In the Mekong Delta of Vietnam, there are three types of oranges: “Orange Sành, Orange Xoàn and Orange Mật”. “Orange Sành” has a flat round shape, dark yellow color, watery fruit, sour and sweet taste. “Orange Xoàn” has yellow inner flesh, sweet taste and gentle scent. “Orange Mật” has large fruit, green skin, yellow flesh and especially seedless, sweet, not sour.
Oranges, whose flavor may vary from sweet to sour, are commonly peeled and eaten fresh or squeezed for juice. The thick bitter rind is usually discarded, but can be processed into animal feed by desiccation, using pressure and heat. It also is used in certain recipes as a food flavoring or garnish.
Although not as juicy or tasty as the flesh, orange peel is edible and has significant contents of vitamin C, dietary fiber, total polyphenols, carotenoids, limonene and dietary minerals, such as potassium and magnesium.
Orange juice is obtained by squeezing the fruit on a special tool (a juicer or squeezer) and collecting the juice in a tray underneath. This can be made at home or, on a much larger scale, industrially.
Sweet orange oil is a by-product of the juice industry produced by pressing the peel. It is used for flavoring food and drinks and also in the perfume industry and aromatherapy for its fragrance. Sweet orange oil consists of approximately 90% D-limonene, a solvent used in various household chemicals, such as wood conditioners for furniture and—along with other citrus oils—detergents and hand cleansers. It is an efficient cleaning agent with a pleasant smell, promoted for being environmentally friendly and therefore, preferable to petrochemicals. D-limonene is, however, classified as irritating to the skin and as very toxic to aquatic life in different countries.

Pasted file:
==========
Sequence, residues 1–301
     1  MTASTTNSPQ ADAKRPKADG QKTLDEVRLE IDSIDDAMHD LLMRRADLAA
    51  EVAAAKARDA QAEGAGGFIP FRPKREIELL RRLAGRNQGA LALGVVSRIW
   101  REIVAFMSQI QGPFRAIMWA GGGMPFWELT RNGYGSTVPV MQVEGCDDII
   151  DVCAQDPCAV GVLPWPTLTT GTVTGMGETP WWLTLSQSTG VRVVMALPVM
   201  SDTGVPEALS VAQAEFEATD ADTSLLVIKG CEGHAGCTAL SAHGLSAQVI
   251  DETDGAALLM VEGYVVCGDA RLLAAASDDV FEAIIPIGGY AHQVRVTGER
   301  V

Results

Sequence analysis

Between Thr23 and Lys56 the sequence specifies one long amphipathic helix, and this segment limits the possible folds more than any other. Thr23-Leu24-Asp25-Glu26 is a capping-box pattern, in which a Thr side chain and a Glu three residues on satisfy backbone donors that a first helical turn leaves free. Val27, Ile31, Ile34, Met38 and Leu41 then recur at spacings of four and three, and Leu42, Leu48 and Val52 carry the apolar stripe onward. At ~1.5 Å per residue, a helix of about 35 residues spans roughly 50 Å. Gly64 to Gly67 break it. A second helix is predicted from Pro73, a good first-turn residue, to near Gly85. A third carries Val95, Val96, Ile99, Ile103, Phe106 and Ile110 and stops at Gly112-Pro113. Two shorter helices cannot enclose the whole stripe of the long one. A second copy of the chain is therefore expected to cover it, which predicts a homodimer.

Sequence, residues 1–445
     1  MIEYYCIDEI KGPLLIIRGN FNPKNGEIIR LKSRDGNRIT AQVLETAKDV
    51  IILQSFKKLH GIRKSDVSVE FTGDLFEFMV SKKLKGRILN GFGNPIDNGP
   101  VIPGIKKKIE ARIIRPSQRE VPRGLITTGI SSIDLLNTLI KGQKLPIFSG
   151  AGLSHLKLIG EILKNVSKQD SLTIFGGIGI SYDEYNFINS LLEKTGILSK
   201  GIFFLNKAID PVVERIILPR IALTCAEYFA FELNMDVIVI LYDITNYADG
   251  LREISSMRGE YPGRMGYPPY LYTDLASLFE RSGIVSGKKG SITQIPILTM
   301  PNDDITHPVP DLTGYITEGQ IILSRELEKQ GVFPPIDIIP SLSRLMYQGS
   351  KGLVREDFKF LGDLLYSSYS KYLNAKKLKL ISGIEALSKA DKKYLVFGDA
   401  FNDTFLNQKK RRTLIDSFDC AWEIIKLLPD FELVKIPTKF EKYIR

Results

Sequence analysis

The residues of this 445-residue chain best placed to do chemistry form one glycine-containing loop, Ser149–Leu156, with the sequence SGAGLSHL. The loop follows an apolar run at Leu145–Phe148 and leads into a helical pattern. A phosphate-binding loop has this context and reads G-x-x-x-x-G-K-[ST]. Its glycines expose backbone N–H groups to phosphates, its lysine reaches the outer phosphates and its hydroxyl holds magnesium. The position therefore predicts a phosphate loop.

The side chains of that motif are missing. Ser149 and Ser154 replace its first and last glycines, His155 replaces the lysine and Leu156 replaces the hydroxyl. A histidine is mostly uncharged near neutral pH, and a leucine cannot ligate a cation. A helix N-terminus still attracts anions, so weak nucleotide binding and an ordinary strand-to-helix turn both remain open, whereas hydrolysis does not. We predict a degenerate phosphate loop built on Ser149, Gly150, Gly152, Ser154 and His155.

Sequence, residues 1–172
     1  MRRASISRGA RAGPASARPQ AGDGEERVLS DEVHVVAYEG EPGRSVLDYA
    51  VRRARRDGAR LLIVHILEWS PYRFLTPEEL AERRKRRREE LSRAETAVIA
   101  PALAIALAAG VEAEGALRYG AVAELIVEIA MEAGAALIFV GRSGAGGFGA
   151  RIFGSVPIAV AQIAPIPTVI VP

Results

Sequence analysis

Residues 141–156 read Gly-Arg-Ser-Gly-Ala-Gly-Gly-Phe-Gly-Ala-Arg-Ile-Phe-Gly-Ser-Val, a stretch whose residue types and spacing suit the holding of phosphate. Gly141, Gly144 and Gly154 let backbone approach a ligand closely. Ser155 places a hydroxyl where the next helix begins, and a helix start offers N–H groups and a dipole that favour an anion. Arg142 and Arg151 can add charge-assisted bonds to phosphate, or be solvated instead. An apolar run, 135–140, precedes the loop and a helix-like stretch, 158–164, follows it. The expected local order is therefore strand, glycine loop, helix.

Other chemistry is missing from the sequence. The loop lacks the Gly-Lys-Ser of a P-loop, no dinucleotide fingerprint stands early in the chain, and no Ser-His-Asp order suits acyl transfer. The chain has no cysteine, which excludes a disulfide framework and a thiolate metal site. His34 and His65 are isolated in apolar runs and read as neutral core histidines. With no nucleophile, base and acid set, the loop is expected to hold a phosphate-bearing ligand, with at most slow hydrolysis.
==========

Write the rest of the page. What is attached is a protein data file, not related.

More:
With the delicious, sweet and a hint of sour flavors from oranges, the chef can creatively process many craving yet exotic dishes that are famous for tourists: ranging from drinks such as smoothies, juices, cocktails or desserts like ice cream, jam, candy to sauce for savory dishes.
Growing Orange is a form of farming and accounted for a significant part of Vietnam’s agricultural economy. Orange gardens are planted in many regions of the country, but only a few areas have the best yield and quality, soils as well as climate conditions.
Among all the citrus fruits, oranges, like the bright color of its name which reminds you of a hot summer day, rich in vitamin C and is a great solution for enhancing immunity, chasing the humidity away and cooling your body down. This refreshing and juicy fruit is also very familiar in Vietnamese culture and is a famous fruit icon, loved by tourists if they have a chance to try this sweet and sour Vietnamese fruit.